This alignment with the requirements of a publishing cycle was not, however, an excuse for Iwiński to release underdeveloped products: “These decisions are bad and I don't agree with them. I will always stand up for the game, because the game is the most important. There is a saying around the company: no one remembers unfinished games released on time. People want to buy a finished product. It’s as if I went to see “Star Wars” to a cinema and the spaceships were uncoloured, because they didn’t make the deadline. I would say: damn it, what kind of rubbish is this?! I find it is bad and a given game’s brand will suffer a lot”.
At Woodstock, Iwiński addressed (in the above footage it starts at 1 hour 19 min) a question about the incomplete “Batman: Arkham Knight” game published by Warner Bros and produced by Rocksteady: “What would have been MY decision? I would've probably released the title for console, and as for the PC version I would’ve said: we have to wait, we are putting finishing touches and adding a lot of content. Certainly, if you were in such a situation [at all] you should’ve stepped back in time by two years or so, and planned it differently. The games you release should be finished, because that’s what the gamer pays for”.
One of the meeting’s participants adds that “everyone's waiting for Cyberpunk”. As the game had already been talked about for three years. Or at least that is for how long CDP had theoretically been working on it. A few years later, with the upcoming release of “Cyberpunk 2077”, Iwiński will sort of forget his own words.
And it is ignoring your mistakes that pushed his company into the cyberpunk crisis. Mistakes sometimes made repeatedly, with the seven cardinal sins behind.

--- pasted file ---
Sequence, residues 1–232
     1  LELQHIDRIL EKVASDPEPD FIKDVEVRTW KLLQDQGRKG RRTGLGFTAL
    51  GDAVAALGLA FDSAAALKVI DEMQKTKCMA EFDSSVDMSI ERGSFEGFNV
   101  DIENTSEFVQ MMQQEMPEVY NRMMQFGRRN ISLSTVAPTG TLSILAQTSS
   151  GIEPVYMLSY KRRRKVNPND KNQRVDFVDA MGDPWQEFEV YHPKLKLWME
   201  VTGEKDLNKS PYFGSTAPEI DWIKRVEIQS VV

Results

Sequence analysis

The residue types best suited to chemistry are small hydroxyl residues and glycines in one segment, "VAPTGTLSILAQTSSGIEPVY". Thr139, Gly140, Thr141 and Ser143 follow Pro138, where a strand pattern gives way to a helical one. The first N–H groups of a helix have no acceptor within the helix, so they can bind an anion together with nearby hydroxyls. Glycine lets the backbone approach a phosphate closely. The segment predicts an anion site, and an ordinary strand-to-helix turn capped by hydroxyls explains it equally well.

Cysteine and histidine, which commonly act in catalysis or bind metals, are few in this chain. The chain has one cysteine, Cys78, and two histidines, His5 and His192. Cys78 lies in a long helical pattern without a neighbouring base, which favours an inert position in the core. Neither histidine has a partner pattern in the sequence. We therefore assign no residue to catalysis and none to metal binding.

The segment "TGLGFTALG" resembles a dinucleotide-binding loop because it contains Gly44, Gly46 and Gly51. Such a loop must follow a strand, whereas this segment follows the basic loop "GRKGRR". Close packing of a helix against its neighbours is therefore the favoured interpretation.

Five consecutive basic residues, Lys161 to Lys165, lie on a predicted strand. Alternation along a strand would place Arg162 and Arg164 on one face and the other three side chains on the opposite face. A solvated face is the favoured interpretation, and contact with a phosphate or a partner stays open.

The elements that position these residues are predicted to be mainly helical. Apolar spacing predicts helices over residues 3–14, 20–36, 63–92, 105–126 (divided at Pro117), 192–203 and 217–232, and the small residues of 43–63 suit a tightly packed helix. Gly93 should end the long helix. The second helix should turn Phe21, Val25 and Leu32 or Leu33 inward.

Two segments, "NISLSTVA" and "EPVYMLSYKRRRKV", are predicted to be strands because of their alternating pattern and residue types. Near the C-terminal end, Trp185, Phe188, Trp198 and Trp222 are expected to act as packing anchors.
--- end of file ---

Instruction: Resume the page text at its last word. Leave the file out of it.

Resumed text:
The company employees say that the problems of “Cyberpunk 2077” are a replay of “The Witcher 3”. And that the payrolls in Hollywood productions are sometimes shorter than the list of errors removed after that game was released. In the opinion of many employees, there is one main problem CD Projekt (and, consequently, “Cyberpunk 2077”) has. The board is keeping in iron grip the vision of what the product is to look like. Sometimes, it has the advantage that not only the grass-root employees are gaming the game. “The managers and team leads are also working on it, be it in the phases of developing consecutive demos. It lifts up the spirits”, we hear the employees saying.
However, it is more often the case of “The Witcher 3”. “Some board member said one day: “What if the Witcher could dive?” It sounded great, except that it was about some totally new quests, an environment to be designed. A lot of work to do. Someone got carried away with imagination and you had to shift the premiere”, says one of the former employees. As he says, the same was true for “Cyberpunk 2077”: “The executives were extravagant with elaborate ideas which delayed the works”.